2-bay UHF antenna for VHF channel 7? - AVS Forum
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post #1 of 17 Old 07-11-2008, 07:41 AM - Thread Starter
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I am running a 2-bay bowtie antenna to get OTA DTV via a Insignia STB.
After the changeover, Detroit's Fox will change from digital channel 59 to channel 7, moving from high UHF to high VHF.

Do you guys know if my antenna is likely to be good enough, or will I have to wire in a properly tuned and oriented VHF antenna to get channel 7?
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post #2 of 17 Old 07-11-2008, 07:52 AM
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Do you receive any analog VHF-HI(7-13) channels presently ? that would be some indication.
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post #3 of 17 Old 07-11-2008, 08:01 AM - Thread Starter
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I do, but they aren't perfect... a little noisy.
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post #4 of 17 Old 07-11-2008, 08:04 AM
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The 2-bay bowtie might work if the digital VHF 7 signal is strong enough. But the gain for VHF 7 for a typical 2-bay bowtie is poor. The station is WJBK-DT Fox 2, currently on UHF 58, but switching to VHF 7 next year correct? Checking Falcon_77's spreadsheet (http://www.avsforum.com/avs-vb/showt...3#post12890633), WJBK-DT will be using a side-mounted temporary antenna for VHF 7 after 2/17/09 while a new top mounted antenna for VHF 7 is put on top of the tower (presumably in place of VHF 2 antenna). Station plans to be at full power by July 1, 2009, but in the interim period will have reduced coverage.

If you have an analog NTSC tuner hooked up, what does the analog picture for WXYZ-TV ABC 7 look like? Good or very noisy? How far are you from the broadcast tower for WJBK?
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post #5 of 17 Old 07-11-2008, 08:10 AM - Thread Starter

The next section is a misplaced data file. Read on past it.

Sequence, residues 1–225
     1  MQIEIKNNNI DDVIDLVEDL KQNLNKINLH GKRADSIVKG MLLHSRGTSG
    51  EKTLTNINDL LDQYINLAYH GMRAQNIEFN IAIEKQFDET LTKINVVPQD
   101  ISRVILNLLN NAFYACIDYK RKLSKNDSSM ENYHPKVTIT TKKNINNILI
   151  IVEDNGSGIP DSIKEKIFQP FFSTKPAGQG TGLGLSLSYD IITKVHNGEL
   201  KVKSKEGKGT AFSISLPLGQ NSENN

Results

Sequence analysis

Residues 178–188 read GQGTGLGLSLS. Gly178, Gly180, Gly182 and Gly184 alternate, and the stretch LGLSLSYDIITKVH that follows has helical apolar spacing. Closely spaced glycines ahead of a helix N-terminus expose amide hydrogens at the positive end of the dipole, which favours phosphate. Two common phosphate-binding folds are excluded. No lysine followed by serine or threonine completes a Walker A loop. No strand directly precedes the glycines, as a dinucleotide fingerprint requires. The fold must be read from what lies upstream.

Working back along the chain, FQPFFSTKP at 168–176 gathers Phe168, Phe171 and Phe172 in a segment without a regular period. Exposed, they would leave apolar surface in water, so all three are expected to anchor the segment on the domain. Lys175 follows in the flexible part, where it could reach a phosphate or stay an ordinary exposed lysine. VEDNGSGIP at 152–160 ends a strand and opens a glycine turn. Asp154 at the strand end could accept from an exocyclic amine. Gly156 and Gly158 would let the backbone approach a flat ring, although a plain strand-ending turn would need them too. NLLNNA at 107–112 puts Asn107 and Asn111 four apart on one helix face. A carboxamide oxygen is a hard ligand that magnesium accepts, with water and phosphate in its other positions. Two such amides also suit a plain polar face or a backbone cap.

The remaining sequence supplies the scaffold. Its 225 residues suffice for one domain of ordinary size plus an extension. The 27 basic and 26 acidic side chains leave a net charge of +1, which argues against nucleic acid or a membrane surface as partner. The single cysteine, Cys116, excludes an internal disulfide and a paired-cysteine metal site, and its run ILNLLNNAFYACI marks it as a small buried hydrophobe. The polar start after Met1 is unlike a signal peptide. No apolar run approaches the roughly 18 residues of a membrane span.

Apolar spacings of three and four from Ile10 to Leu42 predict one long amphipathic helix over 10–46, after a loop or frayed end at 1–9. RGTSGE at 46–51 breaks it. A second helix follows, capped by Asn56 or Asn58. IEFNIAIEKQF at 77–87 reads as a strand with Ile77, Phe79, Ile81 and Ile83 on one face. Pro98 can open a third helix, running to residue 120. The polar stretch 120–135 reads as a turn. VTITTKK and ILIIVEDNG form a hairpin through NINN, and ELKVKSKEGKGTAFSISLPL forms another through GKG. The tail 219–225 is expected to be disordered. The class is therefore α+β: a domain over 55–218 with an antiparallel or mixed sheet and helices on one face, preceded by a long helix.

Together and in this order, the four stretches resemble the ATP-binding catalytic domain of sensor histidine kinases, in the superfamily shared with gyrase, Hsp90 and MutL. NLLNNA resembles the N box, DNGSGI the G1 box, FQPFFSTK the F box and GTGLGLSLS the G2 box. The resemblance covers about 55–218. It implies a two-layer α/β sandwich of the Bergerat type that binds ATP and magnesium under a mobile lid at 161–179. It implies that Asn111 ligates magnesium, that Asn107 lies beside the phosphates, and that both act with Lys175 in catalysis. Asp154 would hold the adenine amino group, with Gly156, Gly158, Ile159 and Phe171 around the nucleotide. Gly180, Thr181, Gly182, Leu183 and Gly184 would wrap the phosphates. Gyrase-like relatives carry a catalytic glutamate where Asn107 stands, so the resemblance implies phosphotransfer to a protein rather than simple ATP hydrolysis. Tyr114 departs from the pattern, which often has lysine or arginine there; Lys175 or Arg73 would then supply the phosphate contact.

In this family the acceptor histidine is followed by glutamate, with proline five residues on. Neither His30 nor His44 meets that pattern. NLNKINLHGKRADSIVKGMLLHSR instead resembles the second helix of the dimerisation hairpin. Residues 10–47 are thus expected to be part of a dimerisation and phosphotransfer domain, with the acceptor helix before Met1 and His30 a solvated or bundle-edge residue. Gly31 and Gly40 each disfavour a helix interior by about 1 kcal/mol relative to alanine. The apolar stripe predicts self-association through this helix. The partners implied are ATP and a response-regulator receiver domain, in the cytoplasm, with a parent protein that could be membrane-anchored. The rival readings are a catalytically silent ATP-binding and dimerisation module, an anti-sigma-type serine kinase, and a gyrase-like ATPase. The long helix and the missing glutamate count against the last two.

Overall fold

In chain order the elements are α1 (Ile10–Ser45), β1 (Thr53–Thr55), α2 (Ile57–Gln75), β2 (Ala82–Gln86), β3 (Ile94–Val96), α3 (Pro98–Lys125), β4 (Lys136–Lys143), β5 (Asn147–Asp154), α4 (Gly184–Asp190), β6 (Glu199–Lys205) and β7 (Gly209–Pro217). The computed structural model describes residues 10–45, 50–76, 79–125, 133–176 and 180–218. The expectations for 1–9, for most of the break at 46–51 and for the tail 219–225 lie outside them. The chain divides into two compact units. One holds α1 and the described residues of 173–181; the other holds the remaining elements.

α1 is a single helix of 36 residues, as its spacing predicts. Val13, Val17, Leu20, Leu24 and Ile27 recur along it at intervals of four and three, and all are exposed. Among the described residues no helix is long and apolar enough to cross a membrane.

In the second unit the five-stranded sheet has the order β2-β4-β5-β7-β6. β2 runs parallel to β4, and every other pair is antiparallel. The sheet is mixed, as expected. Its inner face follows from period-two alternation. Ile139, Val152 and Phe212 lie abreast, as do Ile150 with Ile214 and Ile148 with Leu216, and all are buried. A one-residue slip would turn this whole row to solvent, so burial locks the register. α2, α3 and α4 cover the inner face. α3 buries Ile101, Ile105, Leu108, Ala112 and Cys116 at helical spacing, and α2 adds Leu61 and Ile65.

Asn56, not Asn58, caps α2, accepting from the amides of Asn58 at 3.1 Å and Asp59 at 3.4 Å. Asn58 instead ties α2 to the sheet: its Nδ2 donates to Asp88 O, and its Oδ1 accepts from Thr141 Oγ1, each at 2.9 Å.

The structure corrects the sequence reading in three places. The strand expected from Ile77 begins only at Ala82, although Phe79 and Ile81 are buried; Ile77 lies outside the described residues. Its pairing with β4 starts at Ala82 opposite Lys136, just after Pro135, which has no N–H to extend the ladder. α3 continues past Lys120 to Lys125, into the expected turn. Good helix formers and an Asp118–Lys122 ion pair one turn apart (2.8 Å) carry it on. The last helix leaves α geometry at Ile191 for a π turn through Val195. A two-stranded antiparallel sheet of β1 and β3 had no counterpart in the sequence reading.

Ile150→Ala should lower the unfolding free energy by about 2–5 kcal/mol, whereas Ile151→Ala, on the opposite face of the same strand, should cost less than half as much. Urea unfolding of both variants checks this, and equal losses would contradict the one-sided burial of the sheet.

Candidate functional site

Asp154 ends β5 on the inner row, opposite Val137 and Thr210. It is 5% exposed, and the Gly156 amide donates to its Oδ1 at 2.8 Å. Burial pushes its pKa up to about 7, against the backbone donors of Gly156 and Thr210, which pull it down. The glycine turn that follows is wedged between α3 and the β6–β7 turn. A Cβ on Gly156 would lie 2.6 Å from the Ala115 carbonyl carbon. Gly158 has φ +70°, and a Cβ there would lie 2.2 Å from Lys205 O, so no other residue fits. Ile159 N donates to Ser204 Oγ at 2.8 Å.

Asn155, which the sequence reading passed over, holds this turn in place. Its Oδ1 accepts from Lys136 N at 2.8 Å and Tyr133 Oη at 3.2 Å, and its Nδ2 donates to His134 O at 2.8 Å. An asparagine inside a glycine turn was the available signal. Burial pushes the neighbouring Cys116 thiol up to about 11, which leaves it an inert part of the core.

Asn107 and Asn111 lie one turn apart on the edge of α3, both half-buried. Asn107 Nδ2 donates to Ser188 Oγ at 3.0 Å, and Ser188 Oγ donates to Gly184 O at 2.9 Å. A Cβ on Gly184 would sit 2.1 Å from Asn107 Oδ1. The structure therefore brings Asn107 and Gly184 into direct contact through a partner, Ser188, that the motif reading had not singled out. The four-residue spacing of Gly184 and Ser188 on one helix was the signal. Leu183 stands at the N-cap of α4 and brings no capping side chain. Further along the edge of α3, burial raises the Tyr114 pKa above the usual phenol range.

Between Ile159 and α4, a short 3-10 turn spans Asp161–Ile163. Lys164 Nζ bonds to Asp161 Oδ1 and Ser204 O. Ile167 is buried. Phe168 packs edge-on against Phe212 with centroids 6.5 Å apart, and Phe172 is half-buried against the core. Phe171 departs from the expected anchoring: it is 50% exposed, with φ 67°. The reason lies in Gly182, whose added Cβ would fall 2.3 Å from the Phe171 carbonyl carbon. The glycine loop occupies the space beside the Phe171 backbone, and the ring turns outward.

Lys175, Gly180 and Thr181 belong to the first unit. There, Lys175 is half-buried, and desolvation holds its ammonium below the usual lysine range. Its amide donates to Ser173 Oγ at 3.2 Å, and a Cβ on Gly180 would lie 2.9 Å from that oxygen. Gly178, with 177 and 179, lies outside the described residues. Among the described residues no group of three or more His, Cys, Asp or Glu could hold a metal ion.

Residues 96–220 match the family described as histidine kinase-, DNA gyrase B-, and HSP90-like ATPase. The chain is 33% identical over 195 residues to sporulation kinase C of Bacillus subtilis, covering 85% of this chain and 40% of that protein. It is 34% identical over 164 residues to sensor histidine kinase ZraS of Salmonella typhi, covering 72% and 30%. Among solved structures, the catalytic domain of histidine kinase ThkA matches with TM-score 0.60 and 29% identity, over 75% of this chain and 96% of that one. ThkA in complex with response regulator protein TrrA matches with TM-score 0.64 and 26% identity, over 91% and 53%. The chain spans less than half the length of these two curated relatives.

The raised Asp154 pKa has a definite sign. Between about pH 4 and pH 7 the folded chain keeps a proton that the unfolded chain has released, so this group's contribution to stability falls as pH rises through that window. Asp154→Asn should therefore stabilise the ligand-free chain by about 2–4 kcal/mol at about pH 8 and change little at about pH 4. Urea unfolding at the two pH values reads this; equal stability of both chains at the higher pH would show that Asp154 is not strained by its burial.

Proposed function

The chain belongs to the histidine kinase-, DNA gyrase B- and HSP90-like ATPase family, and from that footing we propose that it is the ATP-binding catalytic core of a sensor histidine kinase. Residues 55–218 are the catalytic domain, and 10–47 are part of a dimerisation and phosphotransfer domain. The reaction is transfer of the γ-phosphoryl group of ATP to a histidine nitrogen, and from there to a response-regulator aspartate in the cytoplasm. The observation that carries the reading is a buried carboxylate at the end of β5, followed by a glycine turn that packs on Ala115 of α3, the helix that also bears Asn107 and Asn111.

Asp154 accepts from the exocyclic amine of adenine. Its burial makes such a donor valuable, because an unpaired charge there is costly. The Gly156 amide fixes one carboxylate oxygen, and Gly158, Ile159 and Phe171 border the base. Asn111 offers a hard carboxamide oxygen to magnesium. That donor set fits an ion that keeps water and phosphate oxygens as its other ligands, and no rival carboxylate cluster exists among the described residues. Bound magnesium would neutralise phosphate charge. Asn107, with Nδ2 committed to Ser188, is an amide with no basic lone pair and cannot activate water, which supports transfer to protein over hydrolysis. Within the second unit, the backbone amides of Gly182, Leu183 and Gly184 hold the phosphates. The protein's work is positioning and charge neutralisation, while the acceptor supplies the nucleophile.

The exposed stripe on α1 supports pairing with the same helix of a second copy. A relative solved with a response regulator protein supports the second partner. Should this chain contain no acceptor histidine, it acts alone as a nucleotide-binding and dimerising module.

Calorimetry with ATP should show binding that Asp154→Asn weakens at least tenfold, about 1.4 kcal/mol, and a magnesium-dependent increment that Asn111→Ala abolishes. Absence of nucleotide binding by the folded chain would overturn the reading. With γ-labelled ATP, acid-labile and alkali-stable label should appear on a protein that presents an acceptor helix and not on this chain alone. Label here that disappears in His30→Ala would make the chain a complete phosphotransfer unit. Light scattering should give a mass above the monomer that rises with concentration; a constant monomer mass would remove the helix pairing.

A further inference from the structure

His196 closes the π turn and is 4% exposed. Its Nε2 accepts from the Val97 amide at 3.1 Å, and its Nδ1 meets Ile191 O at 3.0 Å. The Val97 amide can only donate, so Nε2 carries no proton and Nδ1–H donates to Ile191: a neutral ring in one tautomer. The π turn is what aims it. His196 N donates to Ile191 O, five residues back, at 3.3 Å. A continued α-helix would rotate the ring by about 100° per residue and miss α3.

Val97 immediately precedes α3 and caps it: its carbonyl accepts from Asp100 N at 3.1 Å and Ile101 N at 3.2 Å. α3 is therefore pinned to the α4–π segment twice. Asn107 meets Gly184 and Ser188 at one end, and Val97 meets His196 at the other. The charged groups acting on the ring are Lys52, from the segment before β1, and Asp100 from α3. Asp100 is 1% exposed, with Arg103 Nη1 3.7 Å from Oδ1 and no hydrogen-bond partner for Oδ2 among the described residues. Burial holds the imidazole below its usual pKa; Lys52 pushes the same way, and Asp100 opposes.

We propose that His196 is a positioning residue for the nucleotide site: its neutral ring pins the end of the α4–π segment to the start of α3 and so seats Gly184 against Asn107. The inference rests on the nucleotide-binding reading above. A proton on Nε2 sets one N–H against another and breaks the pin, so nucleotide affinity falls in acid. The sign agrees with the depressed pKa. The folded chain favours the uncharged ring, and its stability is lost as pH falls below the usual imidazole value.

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I am about 6 miles from the tower. My analog channel 7 reception is watchable, but a little noisy.
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post #6 of 17 Old 07-11-2008, 08:31 AM
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Since you are so close to the towers a VHF antenna might even provide too strong a digital signal at cutover and your digtial tuner will be overloaded and receive nothing,
I suggest that you wait till the cutover and then see if you have any problems.
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post #7 of 17 Old 07-11-2008, 11:22 AM
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Not sure if this is helpful, but our local ABC affiliate has been on VHF channel 7 since they started testing about four years ago. As the only VHF DTV station in our area, it's the weakest signal I get (70%-80%), but only rarely do I have any problems with it.

I'm using a Channel Master UHF 8-bay bowtie antenna from about 45 miles away. They are not running at full power and have recently applied to raise their transmitter and begin putting out a stronger signal. Their analog signal is Channel 5 and I couldn't receive it at all.

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post #8 of 17 Old 07-11-2008, 11:33 AM
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Quote:
Originally Posted by walford View Post

Since you are so close to the towers a VHF antenna might even provide too strong a digital signal at cutover and your digtial tuner will be overloaded and receive nothing, ...

Eh? An antenna with a pre-amp might overload, but a medium or short range VHF antenna by itself will be fine at 6 miles.

blood_donor, if you are willing to take a chance to go without the Fox station for several days after the changeover next February, you can leave your setup alone and see what happens. If you don't get reliable reception for WJBK-DT, then you can add a pair of rabbit ears, maybe clipped (through a non-conducting attachment) to the top of the bowtie reflector plate and a VHF/UHF combiner. Or go ahead and do it now. Won't cost that much. The rabbit ears only need to be extended to around 34" long for upper VHF 7 reception.
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post #9 of 17 Old 07-11-2008, 12:11 PM
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I was only trying to point out that digital tuners can get overloaded whereas analog tuners can not.

http://www.tvtechnology.com/pages/s.0072/t.7434.html
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post #10 of 17 Old 07-11-2008, 12:37 PM
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Quote:
Originally Posted by walford View Post

...digital tuners can get overloaded whereas analog tuners can not.

http://www.tvtechnology.com/pages/s.0072/t.7434.html